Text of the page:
Peter Mandelson, an architect of New Labour, had to borrow money from a businessman to buy his first London house. He is now a Lord, an immensely rich man, and is in the process of purchasing an £8m house. Such a fortune did not come from his earnings as a Member of Parliament, nor from his modestly lucrative salary an perks as a European commissioner, not from his liberal daily expense allowance as a Lord – it came from international consultancies and directorships that relate directly or indirectly to defence and foreign policy.

Under Labour, the Ministry of Defence, the legendarily incompetent - but unfailingly lucrative - body that fails to adequately equip our young men and women in the armed forces, spent an average of £5.6m on entertaining each year under Labour and probably far in excess of that under the current regime. We don’t have to be told who they were entertaining, boozing and eating lavishly with while Scottish soldiers died – while Fusilier Gordon Gentle died because his vehicle was not fitted with an electronic bomb detector.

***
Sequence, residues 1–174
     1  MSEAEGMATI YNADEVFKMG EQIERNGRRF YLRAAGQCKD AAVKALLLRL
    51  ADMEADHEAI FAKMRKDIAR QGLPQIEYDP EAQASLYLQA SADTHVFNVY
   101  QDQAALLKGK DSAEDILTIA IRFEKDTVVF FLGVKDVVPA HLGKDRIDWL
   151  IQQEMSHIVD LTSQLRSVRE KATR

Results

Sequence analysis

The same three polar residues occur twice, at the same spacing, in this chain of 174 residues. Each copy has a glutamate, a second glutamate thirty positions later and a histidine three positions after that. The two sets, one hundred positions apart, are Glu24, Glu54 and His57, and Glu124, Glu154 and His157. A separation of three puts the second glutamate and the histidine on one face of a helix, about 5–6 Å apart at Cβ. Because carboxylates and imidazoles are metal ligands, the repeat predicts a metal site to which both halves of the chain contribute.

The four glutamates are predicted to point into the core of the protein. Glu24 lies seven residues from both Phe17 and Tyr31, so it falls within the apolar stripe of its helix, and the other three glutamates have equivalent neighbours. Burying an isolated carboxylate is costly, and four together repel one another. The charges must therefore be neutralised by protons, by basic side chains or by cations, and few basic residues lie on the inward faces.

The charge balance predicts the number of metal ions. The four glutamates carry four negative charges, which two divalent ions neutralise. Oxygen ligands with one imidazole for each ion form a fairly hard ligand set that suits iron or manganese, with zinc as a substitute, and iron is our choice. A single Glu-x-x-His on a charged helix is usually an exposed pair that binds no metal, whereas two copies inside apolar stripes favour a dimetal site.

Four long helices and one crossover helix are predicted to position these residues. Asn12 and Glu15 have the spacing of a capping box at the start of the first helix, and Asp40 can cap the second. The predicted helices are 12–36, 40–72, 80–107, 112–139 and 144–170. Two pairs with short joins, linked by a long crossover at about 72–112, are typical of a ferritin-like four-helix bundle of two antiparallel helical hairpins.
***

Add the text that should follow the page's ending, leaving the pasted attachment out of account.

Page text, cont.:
No defence minister has retired poor: no senior MOD official retires into poverty or even a modest pension. They slide effortlessly through a revolving door into lucrative directorships and consultancies with the merchants of death, or with brutal foreign dictatorships of the kind now being overthrown by the people of the Middle East in the Arab Spring.

Scottish MPs on the high road to Westminster head for the lucrative, blood-soaked pastures of defence like heat-seeking missiles – they know where the money and the power lie.

After all, the bloody trail has been blazed for them by their predecessors. Only a state with its operating principle as eternal war, fed by inducing eternal paranoia in the electorate, can satisfy the insatiable greed of the powerful, the privileged, the amoral bankers and the military/industrial complex that ultimately controls this sham democracy, bleeding the people dry in every sense of the word.